Dr. Tom Williams is a jazz guitarist, lecturer and musicologist specialising in performance, improvisation, cognition, jazz and pedagogy.
Tom has taught at a number of leading institutions in The UK and given lectures around the world, on various topics related to his research areas. Tom’s research areas are wide however some aspects include guitar, improvisation, women in music, musical analysis, jazz histories and practice, film music, and nostalgia in music.
His doctoral research provided a detailed cognitive and contextual model of how expert level improvisers develop and use their craft. Tom has performed across the UK and internationally as performer and specialises in jazz music specifically, although has a wealth of performative experience in all kinds of settings and genres. Tom is a senior lecturer and subject specialist at the Academy of Contemporary Music.
1. Tell us about your role as a Subject Specialist at ACM?
As a subject specialist at ACM, part of my role includes ensuring the curriculum is up to date, steering aspects of delivery and content and also being a point of contact for anyone who’d like to learn more about my specialisms – Performance (guitar), Technical Development, Improvisation, Theory, and Research.
2. What does it mean to be a Subject Specialist?
My role as a subject specialist is to help those students in my specialist area from the audition process all the way to graduation. This can be technical queries, or simply helping you understand where you are within the process, helping you feel confident about where you are going. One of the most important things about ACM is the network between students and tutors. Part of my role is connecting these two things.
3. Tell us about your career background and areas of expertise?
I’ve had quite a varied career which spans performance, education, research and composition. I started my career (as many do!), playing a variety of different settings throughout the country. I’ve also spent time in theatre pits, big bands and orchestras, cruise ship house bands, and a range of other eclectic environments. I’ve been very fortunate to play in some incredible venues with some fantastic musicians. Like all the tutors at ACM, my experience is filtered back into the lessons and guidance all ACM students have access to. Equally, as much as I’m a performer, I’m also a researcher and educator. Over the years I developed my interest in music, pursuing a PhD, which led to becoming a researcher – sometimes working independently on projects, and sometimes as part of larger groups and initiatives trying to solve the issues we experience as musicians and creatives. I’ve been working in education for 15 years and get as much from the students as (I hope!) they get from me.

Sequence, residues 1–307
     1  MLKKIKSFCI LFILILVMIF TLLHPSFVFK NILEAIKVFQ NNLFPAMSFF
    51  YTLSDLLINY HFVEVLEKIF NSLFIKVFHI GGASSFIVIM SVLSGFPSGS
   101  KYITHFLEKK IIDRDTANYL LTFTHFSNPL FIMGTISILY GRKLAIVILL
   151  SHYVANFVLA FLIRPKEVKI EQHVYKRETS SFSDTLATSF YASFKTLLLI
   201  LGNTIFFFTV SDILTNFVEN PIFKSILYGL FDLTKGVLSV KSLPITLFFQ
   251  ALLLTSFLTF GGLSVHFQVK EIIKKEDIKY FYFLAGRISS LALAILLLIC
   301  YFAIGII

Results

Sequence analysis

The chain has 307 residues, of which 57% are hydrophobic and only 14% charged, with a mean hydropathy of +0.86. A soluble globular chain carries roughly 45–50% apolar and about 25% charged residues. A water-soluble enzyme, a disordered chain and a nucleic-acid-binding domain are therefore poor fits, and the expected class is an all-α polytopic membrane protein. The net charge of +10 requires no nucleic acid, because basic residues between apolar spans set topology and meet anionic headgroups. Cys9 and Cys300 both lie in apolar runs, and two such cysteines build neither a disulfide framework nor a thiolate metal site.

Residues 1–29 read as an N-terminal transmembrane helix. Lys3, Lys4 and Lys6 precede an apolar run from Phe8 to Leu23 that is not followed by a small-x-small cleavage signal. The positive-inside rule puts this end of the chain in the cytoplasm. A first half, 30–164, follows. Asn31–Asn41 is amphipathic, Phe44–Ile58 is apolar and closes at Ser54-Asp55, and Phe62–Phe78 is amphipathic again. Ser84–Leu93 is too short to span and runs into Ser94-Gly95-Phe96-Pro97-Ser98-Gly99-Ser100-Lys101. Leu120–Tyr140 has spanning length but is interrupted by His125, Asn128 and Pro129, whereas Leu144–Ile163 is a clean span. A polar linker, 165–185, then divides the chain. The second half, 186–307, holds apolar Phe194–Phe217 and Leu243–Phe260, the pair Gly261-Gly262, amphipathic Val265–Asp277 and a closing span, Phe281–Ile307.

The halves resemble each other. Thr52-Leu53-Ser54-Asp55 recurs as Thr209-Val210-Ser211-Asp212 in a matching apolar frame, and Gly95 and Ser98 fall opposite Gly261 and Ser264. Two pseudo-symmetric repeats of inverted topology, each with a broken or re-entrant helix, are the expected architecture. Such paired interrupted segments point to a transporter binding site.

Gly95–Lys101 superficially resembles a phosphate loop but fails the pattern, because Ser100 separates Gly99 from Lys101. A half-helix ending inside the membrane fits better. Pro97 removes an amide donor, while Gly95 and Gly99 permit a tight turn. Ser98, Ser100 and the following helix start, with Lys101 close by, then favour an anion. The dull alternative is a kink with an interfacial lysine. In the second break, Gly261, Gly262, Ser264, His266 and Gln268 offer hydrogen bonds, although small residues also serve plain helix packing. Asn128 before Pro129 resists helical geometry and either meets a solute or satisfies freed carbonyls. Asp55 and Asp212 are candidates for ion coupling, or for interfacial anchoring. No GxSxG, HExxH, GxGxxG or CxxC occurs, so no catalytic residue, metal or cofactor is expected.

4. Which pathway are you a Subject Specialist for? Tell us more about that pathway?
I’m a specialist on the performance pathway (and within that guitar), and the research areas that we integrate into our courses. During your time on the performance pathway, you’ll have many oppurtunities to perform live, create bespoke arrangements, learn about new styles, analyse and implement current practices, learn high level techniques, understand music through applied theory and ultimately start to create a unique musical voice. You’ll also learn how to bridge the gap from education into industry, and with that engage with essential soft skills that will be an asset to any employer.
5. What’s the audition process for your pathway?
Typically the audition process for musician pathway looks at a range of aspects including, your academic skills, qualifications, previous musical training, instrumental/voice ability and musical knowledge. We are looking for a certain type of person too – tenacious and committed to learning in what is a very fast paced environment.
6. What’s your top advice on how to prepare for an ACM audition for your pathway?
Make sure you are prepared, and where possible revise your core skills. If you’re looking to come on to the performance pathway, we’ll want you to be able to demonstrate an ability to play your instrument to a certain level, have a good foundation in music reading and theory, and also have some ideas about what excites and inspires you about your discipline. Don’t worry if you feel you are not quite ready with some of your skillset. In your audition we’ll help you develop a progression plan for reaching the level you need to be at to be on an equal footing from day one of your course.
7. Why might someone like to reach out to you as a Subject Specialist?
Anyone is welcome to reach out to me, in relation to anything to do with my specialist areas, and also the programme structure and delivery more generally at ACM.
8. Why is it important for you to pass on your knowledge as a Subject Specialist to the
next generation of talent at ACM?
Were it not for the excellent tuition i’ve had at various institutions, I wouldn’t have had many of the opportunities open to me. I like to think what we do best here at ACM is provide an environment that nurtures opportunity and teaches our students where to find opportunity in difficult instances.
9. What makes ACM stand out to you?
A range of things, but if I had to pick three – The fantastic tutors and dialogue between students and staff, the fast paced and interesting environment, and all of the fantastic work, produced by our students year to year.
10. What’s your top piece of advice to those looking for a career in the Creative
Keep your horizons broad. Stop thinking of yourself as a guitarist, or a vocalist. You are much more than this – A musician, a writer, a problem solver, a team member, a team leader, an innovator, and a creative. Keep this in mind and be open to working in different sectors within the industry.